That actually strikes me as an ill-advised booster campaign.
Mamacita is usually right about these things, and I am usually tone-deaf. However ill-advised the campaign might be, though, I still like it because it succinctly captures my attitude to the city and the problem I have with typical Houston civic boosters.
It is true that Houston isn't Shangri-La, and it isn't for many of the reasons ticked off in the "Houston. It's Worth It" list: the mosquitoes, the humidity, the traffic, and so forth. But no place is without its downside. I like Houston in spite of and in some cases because of its imperfections. This isn't to say that there aren't things about the city that I would like to change, just that I view the city in its totality and that I understand that some of the things that I like about it and dislike about it are inextricably linked.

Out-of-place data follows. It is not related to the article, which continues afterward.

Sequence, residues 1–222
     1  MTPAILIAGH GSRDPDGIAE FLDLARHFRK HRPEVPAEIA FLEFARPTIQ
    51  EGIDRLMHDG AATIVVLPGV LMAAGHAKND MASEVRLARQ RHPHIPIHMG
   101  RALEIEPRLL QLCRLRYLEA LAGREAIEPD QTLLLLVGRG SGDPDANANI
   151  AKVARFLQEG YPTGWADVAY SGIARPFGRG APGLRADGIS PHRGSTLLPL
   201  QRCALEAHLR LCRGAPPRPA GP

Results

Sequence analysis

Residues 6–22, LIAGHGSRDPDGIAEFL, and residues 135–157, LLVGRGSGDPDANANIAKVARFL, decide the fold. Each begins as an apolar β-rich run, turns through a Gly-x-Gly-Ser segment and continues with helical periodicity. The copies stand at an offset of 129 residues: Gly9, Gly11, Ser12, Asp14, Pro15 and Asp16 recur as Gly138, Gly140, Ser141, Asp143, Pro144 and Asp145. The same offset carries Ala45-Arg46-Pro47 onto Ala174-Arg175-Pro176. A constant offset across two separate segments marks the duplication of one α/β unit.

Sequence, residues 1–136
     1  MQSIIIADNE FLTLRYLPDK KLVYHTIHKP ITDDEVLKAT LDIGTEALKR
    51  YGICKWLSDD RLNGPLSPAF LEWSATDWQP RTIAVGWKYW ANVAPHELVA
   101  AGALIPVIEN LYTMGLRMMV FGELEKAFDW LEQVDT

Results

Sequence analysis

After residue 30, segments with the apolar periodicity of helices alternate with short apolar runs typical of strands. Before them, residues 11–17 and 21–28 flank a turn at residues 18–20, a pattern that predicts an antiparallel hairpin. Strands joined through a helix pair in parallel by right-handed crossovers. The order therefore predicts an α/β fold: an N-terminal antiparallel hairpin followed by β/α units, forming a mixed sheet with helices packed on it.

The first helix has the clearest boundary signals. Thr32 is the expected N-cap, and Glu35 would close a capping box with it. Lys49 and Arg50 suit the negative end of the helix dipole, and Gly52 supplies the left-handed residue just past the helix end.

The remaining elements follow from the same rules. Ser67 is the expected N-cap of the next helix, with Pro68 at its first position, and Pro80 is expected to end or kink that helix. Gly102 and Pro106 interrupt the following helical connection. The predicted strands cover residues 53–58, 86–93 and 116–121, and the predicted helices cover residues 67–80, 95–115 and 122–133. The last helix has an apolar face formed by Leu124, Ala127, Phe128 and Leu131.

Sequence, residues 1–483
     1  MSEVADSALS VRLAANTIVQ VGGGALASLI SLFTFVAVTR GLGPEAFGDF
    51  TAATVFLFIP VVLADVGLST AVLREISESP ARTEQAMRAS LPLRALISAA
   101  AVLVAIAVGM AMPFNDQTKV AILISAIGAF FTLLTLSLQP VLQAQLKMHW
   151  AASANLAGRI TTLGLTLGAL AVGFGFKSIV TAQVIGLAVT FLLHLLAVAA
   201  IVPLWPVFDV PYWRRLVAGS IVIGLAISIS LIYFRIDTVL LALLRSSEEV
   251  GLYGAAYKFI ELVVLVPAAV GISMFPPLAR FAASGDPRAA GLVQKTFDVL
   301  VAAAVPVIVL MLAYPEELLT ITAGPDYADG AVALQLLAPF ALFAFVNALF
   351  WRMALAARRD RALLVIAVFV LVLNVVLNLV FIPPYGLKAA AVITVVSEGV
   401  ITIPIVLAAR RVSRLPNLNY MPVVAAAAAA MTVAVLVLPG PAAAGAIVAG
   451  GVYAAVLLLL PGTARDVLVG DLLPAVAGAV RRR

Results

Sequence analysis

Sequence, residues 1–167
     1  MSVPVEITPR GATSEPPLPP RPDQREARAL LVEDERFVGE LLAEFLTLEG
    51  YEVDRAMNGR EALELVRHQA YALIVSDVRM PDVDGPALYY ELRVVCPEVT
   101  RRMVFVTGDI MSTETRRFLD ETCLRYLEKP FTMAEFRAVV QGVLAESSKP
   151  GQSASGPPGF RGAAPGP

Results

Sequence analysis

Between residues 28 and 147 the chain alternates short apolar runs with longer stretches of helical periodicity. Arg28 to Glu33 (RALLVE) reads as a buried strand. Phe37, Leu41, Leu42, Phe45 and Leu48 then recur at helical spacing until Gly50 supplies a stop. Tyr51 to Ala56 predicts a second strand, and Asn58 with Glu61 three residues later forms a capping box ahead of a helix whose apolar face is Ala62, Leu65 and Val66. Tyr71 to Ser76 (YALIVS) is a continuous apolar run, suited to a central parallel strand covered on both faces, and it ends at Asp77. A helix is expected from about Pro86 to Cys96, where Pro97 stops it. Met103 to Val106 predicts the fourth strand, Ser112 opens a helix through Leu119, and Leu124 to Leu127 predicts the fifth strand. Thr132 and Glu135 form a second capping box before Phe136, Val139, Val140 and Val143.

What bothers me about most Houston civic boosters is that they either feel obligated to apologize for all the things that are less than perfect about the city ("Yes, the traffic is a disgrace, but NASA is close by!") or, deep down, they are ashamed of the city and want to turn it into something it's not ("We need to make Houston world-class!", as if Houston isn't world-class already). I want to live in Houston, not Austin or Dallas or New York or San Francisco. There may be things that Houston can learn from each of those cities, but Houston ought to stay Houston.
I like Houston, warts and all, and I want civic boosters who like Houston, warts and all. The people at "Houston. It's Worth It" do, and that's why I like the campaign, whether it's successful generally or not.